When he moved to Las Vegas in 2004, Vehlies made a habit of visiting the tribute wall in front of the New York-New York on the Strip. He would scan the granite display, reading messages left as tribute in front of the hotel in the days after 9/11, searching for names he knew. He found several.
It was not lost on him that he -- a native New Yorker and volunteer firefighter who was across the street from the World Trade Center on the day that terrorists attacked the United States -- visited a themed casino seeking a connection to his friends and his home.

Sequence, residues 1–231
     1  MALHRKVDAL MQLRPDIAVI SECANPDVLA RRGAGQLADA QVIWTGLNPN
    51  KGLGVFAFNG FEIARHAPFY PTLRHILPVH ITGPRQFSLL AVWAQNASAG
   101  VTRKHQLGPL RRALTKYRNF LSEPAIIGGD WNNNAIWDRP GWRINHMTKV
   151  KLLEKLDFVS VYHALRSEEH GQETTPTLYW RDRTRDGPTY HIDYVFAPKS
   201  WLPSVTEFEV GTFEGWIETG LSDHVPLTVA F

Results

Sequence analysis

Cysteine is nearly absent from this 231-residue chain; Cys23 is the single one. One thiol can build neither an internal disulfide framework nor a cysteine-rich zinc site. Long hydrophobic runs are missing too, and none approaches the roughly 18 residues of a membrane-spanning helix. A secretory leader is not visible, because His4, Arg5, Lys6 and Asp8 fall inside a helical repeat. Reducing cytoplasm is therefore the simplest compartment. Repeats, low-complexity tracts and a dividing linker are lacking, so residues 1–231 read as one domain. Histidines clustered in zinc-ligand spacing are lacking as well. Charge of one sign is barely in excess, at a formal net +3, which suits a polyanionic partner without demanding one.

But, to him, the harbor with its tugboat, Statue of Liberty replica and permanent 9/11 display, represented a little piece of New York.
"It's good that it's there. It's something that's needed," Vehlies says. "I think New York-New York did the right thing by keeping it there."